THE GOSPEL OF CREATION
(The light offered by faith; The wisdom of the Biblical accounts; The mystery of the universe; The message of each creature in the harmony of creation; A universal communion; The common destination of goods; The gaze of Jesus).
To face the problems illustrated in the previous chapter, Pope Francis selects Biblical accounts, offering a comprehensive view that comes from the Judeo-Christian tradition. With this he articulates the “tremendous responsibility” of humankind for creation, the intimate connection among all creatures and the fact that “the natural environment is a collective good, the patrimony of all humanity and the responsibility of everyone.”
In the Bible, “the God who liberates and saves is the same God who created the universe, and these two divine ways of acting are intimately and inseparably connected.” The story of creation is central for reflecting on the relationship between human beings and other creatures and how sin breaks the equilibrium of all creation in its entirety: “These accounts suggest that human life is grounded in three fundamental and closely intertwined relationships: with God, with our neighbor and with the earth itself. According to the Bible, these three vital relationships have been broken, both outwardly and within us. This rupture is sin.”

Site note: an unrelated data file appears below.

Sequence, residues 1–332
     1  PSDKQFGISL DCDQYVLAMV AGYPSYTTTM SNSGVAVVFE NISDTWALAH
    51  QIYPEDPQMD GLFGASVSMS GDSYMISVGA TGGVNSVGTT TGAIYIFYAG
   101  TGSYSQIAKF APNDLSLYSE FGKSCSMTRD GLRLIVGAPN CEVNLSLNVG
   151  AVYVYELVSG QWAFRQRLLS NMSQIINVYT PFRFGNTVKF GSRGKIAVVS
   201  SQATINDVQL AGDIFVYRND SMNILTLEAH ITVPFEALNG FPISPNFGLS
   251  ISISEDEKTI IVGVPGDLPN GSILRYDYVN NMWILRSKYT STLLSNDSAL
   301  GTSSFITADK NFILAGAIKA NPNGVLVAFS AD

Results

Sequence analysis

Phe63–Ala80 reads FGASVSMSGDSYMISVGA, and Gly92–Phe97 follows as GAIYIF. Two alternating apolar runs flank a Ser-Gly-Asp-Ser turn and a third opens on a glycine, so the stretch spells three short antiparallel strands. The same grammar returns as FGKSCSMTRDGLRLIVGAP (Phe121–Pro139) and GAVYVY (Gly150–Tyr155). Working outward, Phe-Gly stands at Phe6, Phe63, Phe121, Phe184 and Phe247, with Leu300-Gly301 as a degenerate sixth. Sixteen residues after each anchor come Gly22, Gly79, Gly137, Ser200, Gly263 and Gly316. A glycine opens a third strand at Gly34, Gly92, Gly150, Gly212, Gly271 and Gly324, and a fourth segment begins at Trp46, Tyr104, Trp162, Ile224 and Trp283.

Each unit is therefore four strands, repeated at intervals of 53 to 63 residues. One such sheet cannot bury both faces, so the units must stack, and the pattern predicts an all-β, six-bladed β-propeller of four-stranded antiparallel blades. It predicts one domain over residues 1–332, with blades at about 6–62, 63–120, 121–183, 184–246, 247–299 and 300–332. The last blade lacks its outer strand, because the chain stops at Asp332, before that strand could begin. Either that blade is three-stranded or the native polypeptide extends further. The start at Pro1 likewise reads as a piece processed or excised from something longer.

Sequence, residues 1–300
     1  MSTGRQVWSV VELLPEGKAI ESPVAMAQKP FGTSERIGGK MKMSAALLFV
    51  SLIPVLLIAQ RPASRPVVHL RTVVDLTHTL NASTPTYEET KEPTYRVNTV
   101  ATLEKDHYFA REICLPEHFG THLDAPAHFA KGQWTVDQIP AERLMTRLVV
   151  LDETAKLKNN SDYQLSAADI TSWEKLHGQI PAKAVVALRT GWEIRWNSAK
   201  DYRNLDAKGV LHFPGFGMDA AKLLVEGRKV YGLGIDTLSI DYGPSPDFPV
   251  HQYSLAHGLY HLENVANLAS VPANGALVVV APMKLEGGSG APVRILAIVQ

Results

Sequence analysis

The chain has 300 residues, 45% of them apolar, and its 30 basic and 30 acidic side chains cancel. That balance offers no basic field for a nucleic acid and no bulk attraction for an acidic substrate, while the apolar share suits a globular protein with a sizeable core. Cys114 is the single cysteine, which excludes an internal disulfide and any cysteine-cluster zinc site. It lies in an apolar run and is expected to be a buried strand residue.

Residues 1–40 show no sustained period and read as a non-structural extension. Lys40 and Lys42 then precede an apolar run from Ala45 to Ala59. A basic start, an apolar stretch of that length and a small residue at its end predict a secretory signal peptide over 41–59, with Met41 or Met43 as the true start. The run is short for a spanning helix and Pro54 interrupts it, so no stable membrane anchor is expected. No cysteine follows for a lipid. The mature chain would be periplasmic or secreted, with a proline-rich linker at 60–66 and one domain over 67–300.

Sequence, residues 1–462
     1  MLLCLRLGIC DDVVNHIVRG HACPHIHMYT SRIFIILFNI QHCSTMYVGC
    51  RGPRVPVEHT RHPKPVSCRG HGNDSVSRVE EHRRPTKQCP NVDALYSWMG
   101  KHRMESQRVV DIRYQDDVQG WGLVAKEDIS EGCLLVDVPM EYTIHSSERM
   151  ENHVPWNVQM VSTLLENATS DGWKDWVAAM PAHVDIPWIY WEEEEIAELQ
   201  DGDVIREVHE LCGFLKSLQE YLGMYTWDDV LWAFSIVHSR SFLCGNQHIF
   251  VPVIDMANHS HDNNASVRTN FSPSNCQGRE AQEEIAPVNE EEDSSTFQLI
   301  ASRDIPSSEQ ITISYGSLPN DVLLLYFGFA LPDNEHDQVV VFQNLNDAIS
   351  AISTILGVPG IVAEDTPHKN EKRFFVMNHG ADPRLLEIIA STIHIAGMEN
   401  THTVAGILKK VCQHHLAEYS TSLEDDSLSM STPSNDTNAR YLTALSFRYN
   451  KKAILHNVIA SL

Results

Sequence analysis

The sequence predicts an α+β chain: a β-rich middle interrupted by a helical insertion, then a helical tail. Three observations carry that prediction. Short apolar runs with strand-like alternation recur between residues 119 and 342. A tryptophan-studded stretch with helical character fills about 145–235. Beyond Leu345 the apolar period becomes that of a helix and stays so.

For this, even if “we Christians have at times incorrectly interpreted the Scriptures, nowadays we must forcefully reject the notion that our being created in God’s image and given dominion over the earth justifies absolute domination over other creatures.” Human beings have the responsibility to “till and keep” the garden of the world,” knowing that “the ultimate purpose of other creatures is not to be found in us. Rather, all creatures are moving forward, with us and through us, towards a common point of arrival, which is God.”
That the human being is not the master of the universe “does not mean to put all living beings on the same level and to deprive human beings of their unique worth and the tremendous responsibility it entails. Nor does it imply a divinization of the earth which would prevent us from working on it and protecting it in its fragility.” In this perspective, every act of cruelty towards any creature is “contrary to human dignity.”
However, “a sense of deep communion with the rest of nature cannot be real if our hearts lack tenderness, compassion and concern for our fellow human beings.” What is needed is the awareness of a universal communion: “called into being by the one Father. All of us are linked by unseen bonds and together form a kind of universal family, a sublime communion which fills us with a sacred, affectionate and humble respect.”
The chapter concludes with the heart of Christian revelation: “The earthly Jesus” with “his tangible and loving relationship with the world” is “risen and glorious, and is present throughout creation by his universal Lordship.”